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Why Obama is vetting Nevada's Republican governor for the Supreme Court

Photo by Win McNamee/Getty Images

Brian Sandoval, the moderate Republican governor of Nevada who also happens to have been a federal judge before becoming governor, has been floated by both of his home state's senators as a possible compromise Supreme Court appointment. The White House is apparently taking the idea seriously enough to have commenced some formal vetting to see if there's some big reason other than the obvious partisan politics angles not to do this.

But then there are the obvious partisan political angles. If literally everything about American politics in 2016 were different, filling a vacancy on the Supreme Court caused by the death of an iconic conservative justice with a moderate Republican could be a sensible compromise between a Democratic White House and a Republican Senate. But in the actual politics of 2016 it seems so obviously doomed as to be hardly worth trying — though floating Sandoval's name in the press as a way to bait Republicans into batting it down could be a savvy strategy for Democrats to underscore exactly how rigid the GOP is being about the confirmation battle.

More importantly, while Sandoval does not seem like the right person for the current situation, the situation will almost certainly change and Democrats on Capitol Hill, though well-aware that the base doesn't like the idea, tell me it's a possibility that should be taken seriously. If, for example, Hillary Clinton wins in November but Republicans maintain control of the Senate the Sandoval Option could start to look like a timely solution.

Who is Brian Sandoval?

The Nevada governor is a Republican and, as such, a generally reliable conservative on a range of issues. But as the governor of a politically moderate state that had a Democratic controlled legislature for parts of his tenure, he has taken a number of noteworthy moderate positions:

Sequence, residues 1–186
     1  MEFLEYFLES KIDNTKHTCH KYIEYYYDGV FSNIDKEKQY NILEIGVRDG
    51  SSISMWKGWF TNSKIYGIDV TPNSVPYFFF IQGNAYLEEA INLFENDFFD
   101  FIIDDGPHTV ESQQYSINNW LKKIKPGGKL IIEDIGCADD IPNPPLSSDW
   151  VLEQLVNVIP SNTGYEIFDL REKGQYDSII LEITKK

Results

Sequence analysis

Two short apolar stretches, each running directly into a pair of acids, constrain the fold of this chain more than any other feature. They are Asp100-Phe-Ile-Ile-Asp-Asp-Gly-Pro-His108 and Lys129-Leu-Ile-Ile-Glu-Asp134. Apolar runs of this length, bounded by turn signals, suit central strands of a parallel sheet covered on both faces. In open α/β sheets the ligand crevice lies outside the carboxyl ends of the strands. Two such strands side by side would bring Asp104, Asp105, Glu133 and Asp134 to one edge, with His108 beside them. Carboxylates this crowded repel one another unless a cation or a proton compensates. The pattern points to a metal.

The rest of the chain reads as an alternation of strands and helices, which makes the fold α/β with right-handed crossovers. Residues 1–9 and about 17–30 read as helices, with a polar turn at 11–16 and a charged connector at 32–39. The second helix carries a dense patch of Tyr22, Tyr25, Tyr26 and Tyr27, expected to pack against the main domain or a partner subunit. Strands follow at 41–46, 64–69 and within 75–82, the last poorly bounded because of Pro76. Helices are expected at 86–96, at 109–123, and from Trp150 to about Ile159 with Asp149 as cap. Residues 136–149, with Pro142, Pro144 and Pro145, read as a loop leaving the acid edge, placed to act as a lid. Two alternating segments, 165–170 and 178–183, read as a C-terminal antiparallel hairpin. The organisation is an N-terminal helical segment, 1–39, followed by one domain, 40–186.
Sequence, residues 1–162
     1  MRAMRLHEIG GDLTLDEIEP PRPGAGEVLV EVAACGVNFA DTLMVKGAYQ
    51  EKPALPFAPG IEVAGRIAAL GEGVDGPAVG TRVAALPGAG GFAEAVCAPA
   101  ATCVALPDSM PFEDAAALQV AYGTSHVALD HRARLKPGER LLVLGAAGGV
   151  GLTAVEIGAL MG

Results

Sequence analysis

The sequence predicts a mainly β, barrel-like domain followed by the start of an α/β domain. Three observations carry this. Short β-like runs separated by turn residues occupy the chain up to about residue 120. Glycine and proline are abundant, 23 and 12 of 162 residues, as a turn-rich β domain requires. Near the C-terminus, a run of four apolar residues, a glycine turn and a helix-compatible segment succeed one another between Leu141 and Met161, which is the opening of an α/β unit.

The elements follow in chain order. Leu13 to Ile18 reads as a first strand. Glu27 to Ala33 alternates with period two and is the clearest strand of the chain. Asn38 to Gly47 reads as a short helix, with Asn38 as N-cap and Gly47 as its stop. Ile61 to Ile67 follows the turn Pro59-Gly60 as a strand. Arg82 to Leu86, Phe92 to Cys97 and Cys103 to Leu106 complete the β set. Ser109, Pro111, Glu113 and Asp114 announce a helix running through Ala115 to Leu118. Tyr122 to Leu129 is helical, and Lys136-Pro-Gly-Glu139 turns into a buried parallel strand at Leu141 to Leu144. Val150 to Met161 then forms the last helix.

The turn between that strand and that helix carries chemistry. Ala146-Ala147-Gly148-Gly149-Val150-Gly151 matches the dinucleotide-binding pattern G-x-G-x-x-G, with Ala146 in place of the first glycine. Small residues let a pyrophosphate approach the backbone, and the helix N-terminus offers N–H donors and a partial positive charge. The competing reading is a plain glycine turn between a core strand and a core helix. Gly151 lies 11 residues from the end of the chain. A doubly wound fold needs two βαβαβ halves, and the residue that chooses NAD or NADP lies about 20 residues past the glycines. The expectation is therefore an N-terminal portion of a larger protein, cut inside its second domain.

Sandoval also has an interesting long-term relationship with frenemy Harry Reid, the Democrats' leader in the Senate. Way back in 2004 when Sandoval was attorney general, Reid recommended him to the Bush administration as a Republican he would gladly back for a seat on the federal judiciary. Sandoval got the nod from Bush for a seat on a federal district court, and the affair was generally interpreted in the press as an example of Reid's political savvy — by putting the young, popular Sandoval on the federal bench he eliminated him as a potential Reid opponent in his 2004 reelection battle.

But then in 2009, Sandoval resigned his seat on the bench to run for statewide office. Not against Reid (who ended up narrowly defeating weak opponent Sharron Angle) but against Reid's son, Rory, chair of Clark County's county commission.

Notwithstanding the family drama, Reid and Sandoval have often been allies on Nevada-specific issues, fighting against nuclear waste storage at Yucca Mountain and for the construction of Tesla's Gigafactory battery manufacturing facilities.

Why Sandoval for SCOTUS might make sense

As a politician who is also a former federal judge, Sandoval is more qualified for a Supreme Court seat than the typical elected official who gets floated. And as a moderate Republican, he is ideologically positioned between Barack Obama and the GOP Senate leadership, which seems like the kind of thing you would want from a compromise candidate.